Cardinal Blase J. Cupich

How can we overcome polarization?

Wednesday, July 11, 2018

Last month I was delighted to participate in a Georgetown University conference on a subject we have heard so much about over the past several months: polarization. The conference, sponsored by the university’s Initiative on Catholic Social Thought, brought together speakers from different backgrounds and perspectives to think through this vexing problem afflicting our nation.

In my keynote address, I began by noting that it is important to distinguish polarization from partisanship. The latter term refers to the differences people have over ideas and beliefs. With polarization, it is the people themselves who are divided, isolated in their own spheres, depending on different sources of information and distrustful, if not dismissive, of the other group and their sources of information. 

Even more, polarization describes a situation in which people are so far apart that they barely hear what others are saying. Partisanship may divide us in terms of our particular approach to issues, but there was a time, not so long ago, when partisans of different stripes worked together, even while recognizing their differences, and got things done.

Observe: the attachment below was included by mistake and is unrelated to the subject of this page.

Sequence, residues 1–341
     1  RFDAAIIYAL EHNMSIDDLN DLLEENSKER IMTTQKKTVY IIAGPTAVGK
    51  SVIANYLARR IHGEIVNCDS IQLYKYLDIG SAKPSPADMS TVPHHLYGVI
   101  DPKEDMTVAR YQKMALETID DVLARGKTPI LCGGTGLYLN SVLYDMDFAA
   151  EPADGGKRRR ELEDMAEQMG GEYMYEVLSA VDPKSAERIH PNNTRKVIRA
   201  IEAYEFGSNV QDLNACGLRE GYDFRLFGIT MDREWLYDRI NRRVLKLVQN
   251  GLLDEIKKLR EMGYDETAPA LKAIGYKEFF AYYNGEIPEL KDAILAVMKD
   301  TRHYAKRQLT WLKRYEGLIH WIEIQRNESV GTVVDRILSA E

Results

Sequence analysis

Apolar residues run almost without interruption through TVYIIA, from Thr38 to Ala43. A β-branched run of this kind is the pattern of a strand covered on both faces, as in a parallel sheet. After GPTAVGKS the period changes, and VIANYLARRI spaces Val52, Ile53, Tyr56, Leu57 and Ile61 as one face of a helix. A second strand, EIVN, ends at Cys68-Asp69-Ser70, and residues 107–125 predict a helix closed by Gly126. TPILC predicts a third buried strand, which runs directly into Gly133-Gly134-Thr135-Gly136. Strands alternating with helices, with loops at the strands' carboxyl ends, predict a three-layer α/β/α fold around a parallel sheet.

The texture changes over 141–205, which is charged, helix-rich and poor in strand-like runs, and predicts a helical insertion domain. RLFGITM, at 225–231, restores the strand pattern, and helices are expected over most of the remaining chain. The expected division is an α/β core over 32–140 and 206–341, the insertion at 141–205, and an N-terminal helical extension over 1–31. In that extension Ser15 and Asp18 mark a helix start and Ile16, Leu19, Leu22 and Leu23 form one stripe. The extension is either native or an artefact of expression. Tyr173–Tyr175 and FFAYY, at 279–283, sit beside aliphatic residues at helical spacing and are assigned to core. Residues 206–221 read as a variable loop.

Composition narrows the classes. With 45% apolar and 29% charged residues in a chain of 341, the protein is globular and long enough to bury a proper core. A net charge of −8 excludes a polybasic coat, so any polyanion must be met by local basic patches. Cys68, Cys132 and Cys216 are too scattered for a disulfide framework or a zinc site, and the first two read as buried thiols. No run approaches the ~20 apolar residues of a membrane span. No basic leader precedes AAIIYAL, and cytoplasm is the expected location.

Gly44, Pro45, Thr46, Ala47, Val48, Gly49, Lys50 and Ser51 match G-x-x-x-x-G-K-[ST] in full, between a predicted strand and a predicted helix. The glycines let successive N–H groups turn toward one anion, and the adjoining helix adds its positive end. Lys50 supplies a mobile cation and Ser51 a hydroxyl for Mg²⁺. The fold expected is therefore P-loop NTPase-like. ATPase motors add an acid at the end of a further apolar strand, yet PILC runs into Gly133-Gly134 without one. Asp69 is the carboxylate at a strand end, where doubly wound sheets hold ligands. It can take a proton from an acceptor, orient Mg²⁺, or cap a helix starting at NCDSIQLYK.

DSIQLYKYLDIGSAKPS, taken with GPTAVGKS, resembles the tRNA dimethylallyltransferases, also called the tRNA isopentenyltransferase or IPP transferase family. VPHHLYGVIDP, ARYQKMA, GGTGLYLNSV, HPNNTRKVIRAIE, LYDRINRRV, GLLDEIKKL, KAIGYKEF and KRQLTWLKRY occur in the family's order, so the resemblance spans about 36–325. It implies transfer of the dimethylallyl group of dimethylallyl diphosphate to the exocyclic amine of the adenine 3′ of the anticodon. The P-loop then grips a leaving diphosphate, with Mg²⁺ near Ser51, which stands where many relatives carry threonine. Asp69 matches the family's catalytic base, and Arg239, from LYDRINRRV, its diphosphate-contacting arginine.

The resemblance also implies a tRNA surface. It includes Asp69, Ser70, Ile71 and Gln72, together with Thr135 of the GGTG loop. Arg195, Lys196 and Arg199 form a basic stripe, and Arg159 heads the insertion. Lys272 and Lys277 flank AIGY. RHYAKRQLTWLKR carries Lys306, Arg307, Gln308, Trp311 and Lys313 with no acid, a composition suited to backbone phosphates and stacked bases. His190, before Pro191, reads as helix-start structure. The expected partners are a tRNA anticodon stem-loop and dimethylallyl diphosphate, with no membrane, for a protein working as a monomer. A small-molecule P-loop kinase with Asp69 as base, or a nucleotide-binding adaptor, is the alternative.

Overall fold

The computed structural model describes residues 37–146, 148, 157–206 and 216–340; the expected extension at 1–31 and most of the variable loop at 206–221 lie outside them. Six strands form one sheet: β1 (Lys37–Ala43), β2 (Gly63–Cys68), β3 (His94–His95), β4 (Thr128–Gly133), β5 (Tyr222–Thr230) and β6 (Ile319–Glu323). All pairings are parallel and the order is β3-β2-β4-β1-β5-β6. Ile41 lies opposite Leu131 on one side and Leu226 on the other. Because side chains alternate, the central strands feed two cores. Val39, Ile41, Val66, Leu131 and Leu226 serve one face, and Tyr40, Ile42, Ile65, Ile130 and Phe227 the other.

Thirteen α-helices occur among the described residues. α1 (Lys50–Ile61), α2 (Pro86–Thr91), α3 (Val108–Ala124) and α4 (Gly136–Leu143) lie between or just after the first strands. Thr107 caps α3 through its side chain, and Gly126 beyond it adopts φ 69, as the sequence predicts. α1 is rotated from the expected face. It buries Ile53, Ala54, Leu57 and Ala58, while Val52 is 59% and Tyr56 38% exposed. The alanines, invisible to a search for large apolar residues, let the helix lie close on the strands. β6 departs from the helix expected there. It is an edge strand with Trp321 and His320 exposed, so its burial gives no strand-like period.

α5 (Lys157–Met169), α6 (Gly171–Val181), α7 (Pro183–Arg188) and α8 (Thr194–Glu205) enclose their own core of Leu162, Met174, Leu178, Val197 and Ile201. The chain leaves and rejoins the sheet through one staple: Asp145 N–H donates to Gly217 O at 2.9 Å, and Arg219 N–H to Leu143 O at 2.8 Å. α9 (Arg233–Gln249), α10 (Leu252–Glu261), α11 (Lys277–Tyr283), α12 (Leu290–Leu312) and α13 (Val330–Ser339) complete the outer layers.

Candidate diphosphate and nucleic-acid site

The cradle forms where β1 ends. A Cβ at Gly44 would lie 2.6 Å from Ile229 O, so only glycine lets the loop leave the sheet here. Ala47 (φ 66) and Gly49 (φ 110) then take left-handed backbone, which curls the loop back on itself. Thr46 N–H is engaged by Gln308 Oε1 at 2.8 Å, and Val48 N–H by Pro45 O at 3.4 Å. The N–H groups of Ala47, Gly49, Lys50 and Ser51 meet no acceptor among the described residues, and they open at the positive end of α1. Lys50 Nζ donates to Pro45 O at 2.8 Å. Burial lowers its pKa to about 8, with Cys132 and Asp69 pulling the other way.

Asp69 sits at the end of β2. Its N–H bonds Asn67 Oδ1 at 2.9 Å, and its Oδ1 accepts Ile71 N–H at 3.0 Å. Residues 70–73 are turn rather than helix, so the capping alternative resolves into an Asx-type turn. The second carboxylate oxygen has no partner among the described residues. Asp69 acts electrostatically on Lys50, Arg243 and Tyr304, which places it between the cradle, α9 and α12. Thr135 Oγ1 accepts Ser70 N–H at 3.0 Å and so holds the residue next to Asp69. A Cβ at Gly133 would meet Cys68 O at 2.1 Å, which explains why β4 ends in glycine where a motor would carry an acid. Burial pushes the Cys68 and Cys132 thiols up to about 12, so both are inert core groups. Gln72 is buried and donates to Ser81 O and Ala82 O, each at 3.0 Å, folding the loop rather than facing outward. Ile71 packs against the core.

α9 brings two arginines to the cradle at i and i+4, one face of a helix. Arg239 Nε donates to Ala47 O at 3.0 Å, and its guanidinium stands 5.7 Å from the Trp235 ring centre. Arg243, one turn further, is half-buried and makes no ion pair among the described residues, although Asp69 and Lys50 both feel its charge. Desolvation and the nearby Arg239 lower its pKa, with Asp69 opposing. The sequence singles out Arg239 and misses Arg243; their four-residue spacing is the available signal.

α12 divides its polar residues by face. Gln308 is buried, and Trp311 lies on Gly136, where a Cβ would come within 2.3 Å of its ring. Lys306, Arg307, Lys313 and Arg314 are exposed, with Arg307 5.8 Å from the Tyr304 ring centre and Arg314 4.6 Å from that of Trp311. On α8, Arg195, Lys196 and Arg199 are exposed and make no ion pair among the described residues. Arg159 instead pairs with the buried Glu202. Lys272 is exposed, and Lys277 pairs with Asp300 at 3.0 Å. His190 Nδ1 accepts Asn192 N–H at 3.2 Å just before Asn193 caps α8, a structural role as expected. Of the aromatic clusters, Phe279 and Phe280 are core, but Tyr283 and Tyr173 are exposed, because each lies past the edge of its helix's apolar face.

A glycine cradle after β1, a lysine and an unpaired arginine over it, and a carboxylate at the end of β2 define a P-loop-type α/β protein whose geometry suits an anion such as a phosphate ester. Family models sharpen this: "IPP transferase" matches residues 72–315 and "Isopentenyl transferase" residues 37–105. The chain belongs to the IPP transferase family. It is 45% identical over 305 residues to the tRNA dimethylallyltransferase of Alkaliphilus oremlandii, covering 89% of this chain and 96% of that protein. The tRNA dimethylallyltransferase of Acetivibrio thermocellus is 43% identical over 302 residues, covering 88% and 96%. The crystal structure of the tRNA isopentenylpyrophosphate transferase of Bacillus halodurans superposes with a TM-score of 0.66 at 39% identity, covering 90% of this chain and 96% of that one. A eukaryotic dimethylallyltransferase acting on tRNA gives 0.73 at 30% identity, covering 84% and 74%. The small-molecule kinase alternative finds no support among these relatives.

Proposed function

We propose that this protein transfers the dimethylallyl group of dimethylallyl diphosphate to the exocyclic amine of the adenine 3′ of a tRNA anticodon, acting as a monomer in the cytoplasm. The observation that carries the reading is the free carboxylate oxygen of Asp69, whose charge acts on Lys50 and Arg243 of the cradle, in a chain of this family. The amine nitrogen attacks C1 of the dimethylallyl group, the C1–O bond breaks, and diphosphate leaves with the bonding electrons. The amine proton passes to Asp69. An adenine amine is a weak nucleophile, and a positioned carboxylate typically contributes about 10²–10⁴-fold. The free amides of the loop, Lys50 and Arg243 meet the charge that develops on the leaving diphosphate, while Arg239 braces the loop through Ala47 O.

Polarization threatens the very idea of working with those on “the other side.” If we are serious about overcoming polarization, more is required than finding common ground over ideas. Rather, people have to come to a renewed sense of how they are connected to each other as persons.

One pathway forward, I remarked, is offered by Pope Francis with his urging of a new kind of dialogue. The emphasis of this new kind of dialogue is not the mere sharing of ideas to find common ground, nor is it talking endlessly so as not to offend, or in a way that obscures or relativizes the truth. Rather, the first goal of dialogue is to encounter the other person. 

During his 2015 visit to the United States, the pope urged us bishops “to dialogue fearlessly,” but by first affirming others as persons, realizing “deep down that the brother or sister we wish to reach and redeem, with the power and the closeness of love, counts more than their positions, distant as they may be from what we hold as true and certain.”